May 30, 2008

Step #1 - Make your own bread

I'm starting to think about this adventure in becoming more sustainable as a journey down a really long road. I've been walking much slower than I would like so far, but I know that if I just keep putting one foot in front of the other, I'll get there. Corny analogy? Maybe, but it's working for me right now, and I'm sticking to it. That makes this the first post in a very long series to come that will chronicle each small step (including the occasional backward one) down the road.

On Wednesday night, I started my very first batch of homemade bread. I chose the no-knead variety, mostly because I'd heard it was easy and thought that would make me more likely to continue baking bread. I found the recipe in the New York Times, of all places. I made it exactly as instructed the first time, and plan variations in future iterations.

Recipe: No-Knead Bread
Adapted from Jim Lahey, Sullivan Street Bakery
Time: About 1½ hours plus 14 to 20 hours’ rising

3 cups all-purpose or bread flour, more for dusting (I used half white, half wheat)
¼ teaspoon instant yeast (I used Fleischmann's Rapid Rise Yeast)
1¼ teaspoons salt
Cornmeal or wheat bran as needed. (I skipped this for now)

1. In a large bowl combine flour, yeast and salt. Add 1 5/8 cups water, and stir until blended; dough will be shaggy and sticky. Cover bowl with plastic wrap. Let dough rest at least 12 hours, preferably about 18, at warm room temperature, about 70 degrees. (I started my bread at 11:30 pm, in the hopes that it would be ready when I got home the next day. This seems to have been a fairly successful strategy.)

2. Dough is ready when its surface is dotted with bubbles. Lightly flour a work surface and place dough on it; sprinkle it with a little more flour and fold it over on itself once or twice. Cover loosely with plastic wrap and let rest about 15 minutes. (I didn't get to this step until 20 hours after I started the dough. In retrospect, this may have resulted in too many air bubbles, which could be why the texture was a bit odd.)

3. Using just enough flour to keep dough from sticking to work surface or to your fingers, gently and quickly shape dough into a ball. Generously coat a cotton towel (not terry cloth) with flour, wheat bran or cornmeal; put dough seam side down on towel and dust with more flour, bran or cornmeal. Cover with another cotton towel and let rise for about 2 hours. When it is ready, dough will be more than double in size and will not readily spring back when poked with a finger. (Here's where I started thinking the recipe had gone horribly wrong. My dough was much too gooey to form into a ball, and no amount of flour on my hands or the dough was going to prevent sticking. But I perservered. After the two hours, my dough had not
doubled. It did not even grow by 50%. It also continued to spring back at this point, but I refused to give in and chuck this batch.)

4. At least a half-hour before dough is ready, heat oven to 450 degrees. Put a 6- to 8-quart heavy covered pot (cast iron, enamel, Pyrex or ceramic) in oven as it heats. When dough is ready, carefully remove pot from oven. Slide your hand under towel and turn dough over into pot, seam side up; it may look like a mess, but that is O.K. Shake pan once or twice if dough is unevenly distributed; it will straighten out as it bakes. Cover with lid and bake 30 minutes, then remove lid and bake another 15 to 30 minutes, until loaf is beautifully browned. Cool on a rack. (I used our Le Creuset baking dish, which seems to have worked very well. This loaf needed just 15 minutes with the lid off to look and smell delicious.)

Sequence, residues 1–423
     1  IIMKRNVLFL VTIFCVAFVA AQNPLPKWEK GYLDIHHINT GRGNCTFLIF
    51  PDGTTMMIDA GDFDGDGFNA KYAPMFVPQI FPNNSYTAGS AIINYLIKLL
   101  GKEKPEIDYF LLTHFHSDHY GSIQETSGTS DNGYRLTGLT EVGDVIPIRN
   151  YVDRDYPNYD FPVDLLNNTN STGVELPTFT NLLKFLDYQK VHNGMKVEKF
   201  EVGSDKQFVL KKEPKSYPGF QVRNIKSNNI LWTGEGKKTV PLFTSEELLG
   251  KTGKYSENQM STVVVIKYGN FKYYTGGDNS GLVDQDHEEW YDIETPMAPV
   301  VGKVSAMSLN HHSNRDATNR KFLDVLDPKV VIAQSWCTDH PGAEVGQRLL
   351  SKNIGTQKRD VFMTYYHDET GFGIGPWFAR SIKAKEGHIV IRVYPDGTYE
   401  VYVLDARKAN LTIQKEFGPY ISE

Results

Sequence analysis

Yield: One 1½-pound loaf.

Here's a picture of the resulting loaf.

As you can see, the bread didn't rise nearly as much as anticipated. The texture is also a bit spongy, perhaps because I let it rise for too long in the first stage. But the flavor is good, and it has a great crust on it, so I'm thinking this was a fairly good first effort.

If anyone out there has more information on what I might want to do differently next time, including maybe changing the kind of yeast I used???, please let me know. For my next loaf, Rob has requested a full-on kneaded bread, so please also pass along any great recipes of that variety.

Hmm. Now I'm looking forward to spreading a bit of locally produced goat cheese on a couple of slices of yummy fresh bread....


Melinda said...

NOT BAD FOR YOUR FIRST LOAF!! Matt has adapted the recipe a bit (I think). He posted about it here:

Maybe that helps? I don't know. He's been making it for years, so feel free to email him about it, too!

Elise Rebmann said...

Did you get this recipe from Mother Earth News a few months back? Weird - if not - because I think it is the same exact one.

Lori said...

to my sister,
Thanks for the encouragement - I was thinking this attempt was somewhat of a failure, but maybe I should think of it as mostly successful instead. After a bit of online research, I suspect that I used the wrong type of yeast, but I'll definitely follow up with Matt after he has a few days to settle into the new job. I may try his recipe next...

Strangely, I found this recipe on the New York Times website about six or eight weeks ago. I printed it out, set it on a shelf with the cookbooks, and told myself I'd try the recipe later. Can you tell I believe in (at least a little bit of) procrastination?

At any rate, I think there are several different adaptations of this recipe floating out there. Melinda's (yes, she's my sister) comment above links to the one she and her husband make nearly every week.

Did you have success with your version of the recipe?